This set of activities covers two objectives.
The first objective is to develop a tool for noise specialists to predict the noise and annoyance impact of chosen flight scenarios, including new architectures and technologies, and an additional user-friendly tool for non-specialists to enhance their decision capability whilst heightening their proficiency. The second tool includes input data for a Virtual Reality device for Communication purposes.
The second objective is to guide the elaboration of the European Aviation Noise Research Roadmap, by evaluating scenarios with current and advanced 2035/2050 aircraft architectures with regard to their impact on airport noise annoyance.
As part of the two Toolsets a Noise Prediction Tool will calculate acoustic footprints of single aircraft and whole fleets on an airport. One will be able to modify trajectories, fleet composition, aircraft types and so on.
For residents to live a total immersion in 2035/2050 aircraft noise, a Virtual Reality tool will be fed with scenarios including new aircraft architectures.
Virtual Resident, the tool that will enable specialists and non-specialists to evaluate annoyance of airport scenarios, can be compared to complaints maps in order to evaluate their grounds.
Assessing the impact of future aircraft
ANIMA will investigate on the potential noise impact of highly innovative configurations through its link with the Project ARTEM (Aircraft Noise Reduction Technologies and Related Environmental Impact, no. 769350). The operational scenarios will be projected to 2050 using the most advanced techniques of simulation and metamodeling coupled with state-of-the-art aeroacoustic simulations, in order to improve and extend the existing simulation tools. Two Blended-Wing-Body configurations will be analyzed: the REBEL (REgional Bwb ELectric-propelled), carrying 100 passengers on a range of 900 nm, and the BOLT (Bwb Optimized with Low-noise Technologies), long-haul concepts sized for a 400 passengers payload. The REBEL will be eventually equipped with a hybrid gas/electric distributed propulsion.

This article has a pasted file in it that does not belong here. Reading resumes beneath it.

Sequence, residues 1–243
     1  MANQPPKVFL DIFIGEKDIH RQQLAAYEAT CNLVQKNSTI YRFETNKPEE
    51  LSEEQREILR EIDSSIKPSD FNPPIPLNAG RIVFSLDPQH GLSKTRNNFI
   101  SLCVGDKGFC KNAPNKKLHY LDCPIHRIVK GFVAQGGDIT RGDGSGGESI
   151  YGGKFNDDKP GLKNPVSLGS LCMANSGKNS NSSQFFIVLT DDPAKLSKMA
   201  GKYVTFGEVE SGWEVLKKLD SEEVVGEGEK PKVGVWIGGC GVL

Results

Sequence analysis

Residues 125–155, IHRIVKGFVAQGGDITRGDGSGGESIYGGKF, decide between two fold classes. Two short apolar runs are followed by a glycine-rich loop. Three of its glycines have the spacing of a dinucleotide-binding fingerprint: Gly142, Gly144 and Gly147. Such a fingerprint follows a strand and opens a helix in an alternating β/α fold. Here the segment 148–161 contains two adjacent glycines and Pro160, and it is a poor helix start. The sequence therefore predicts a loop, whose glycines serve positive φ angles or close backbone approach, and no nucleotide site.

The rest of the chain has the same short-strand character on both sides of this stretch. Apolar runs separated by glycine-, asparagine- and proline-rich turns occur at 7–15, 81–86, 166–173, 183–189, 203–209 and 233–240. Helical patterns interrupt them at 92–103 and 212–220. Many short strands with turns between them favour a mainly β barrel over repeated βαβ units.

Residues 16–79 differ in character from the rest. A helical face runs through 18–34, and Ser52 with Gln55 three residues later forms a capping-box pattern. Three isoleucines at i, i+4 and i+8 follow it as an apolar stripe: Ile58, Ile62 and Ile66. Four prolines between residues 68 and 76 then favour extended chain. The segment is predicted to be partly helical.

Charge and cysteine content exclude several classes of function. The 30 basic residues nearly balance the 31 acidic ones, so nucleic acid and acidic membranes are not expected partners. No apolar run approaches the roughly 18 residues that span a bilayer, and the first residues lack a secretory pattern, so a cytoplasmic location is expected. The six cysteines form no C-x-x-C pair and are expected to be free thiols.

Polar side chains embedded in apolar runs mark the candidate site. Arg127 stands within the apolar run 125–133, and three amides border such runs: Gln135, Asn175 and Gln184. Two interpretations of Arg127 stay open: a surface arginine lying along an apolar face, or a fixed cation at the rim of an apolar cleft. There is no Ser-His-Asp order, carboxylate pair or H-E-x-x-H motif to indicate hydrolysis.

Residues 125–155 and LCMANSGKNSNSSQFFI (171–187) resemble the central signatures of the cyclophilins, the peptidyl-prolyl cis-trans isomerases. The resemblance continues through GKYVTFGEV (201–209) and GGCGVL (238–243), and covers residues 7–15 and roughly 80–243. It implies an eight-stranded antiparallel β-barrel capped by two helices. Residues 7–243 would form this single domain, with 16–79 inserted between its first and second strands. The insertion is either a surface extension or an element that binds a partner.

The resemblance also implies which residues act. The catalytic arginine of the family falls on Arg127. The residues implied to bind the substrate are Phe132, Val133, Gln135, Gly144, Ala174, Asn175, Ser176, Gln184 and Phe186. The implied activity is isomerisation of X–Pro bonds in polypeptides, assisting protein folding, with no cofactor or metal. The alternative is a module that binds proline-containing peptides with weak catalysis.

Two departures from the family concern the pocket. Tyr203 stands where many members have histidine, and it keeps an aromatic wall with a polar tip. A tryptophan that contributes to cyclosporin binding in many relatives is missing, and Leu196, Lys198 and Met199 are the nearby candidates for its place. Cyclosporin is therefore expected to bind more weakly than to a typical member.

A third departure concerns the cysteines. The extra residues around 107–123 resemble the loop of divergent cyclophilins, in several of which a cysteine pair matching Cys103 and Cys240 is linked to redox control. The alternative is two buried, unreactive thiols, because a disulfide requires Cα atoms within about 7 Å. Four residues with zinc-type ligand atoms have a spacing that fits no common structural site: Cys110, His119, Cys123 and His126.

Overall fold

The figure above depicts the initial layout of the two aircraft, both equipped with generic UHBR engines mounted on pylons on the top of the centre body. The two configurations are aerodynamically assessed, but not yet optimized.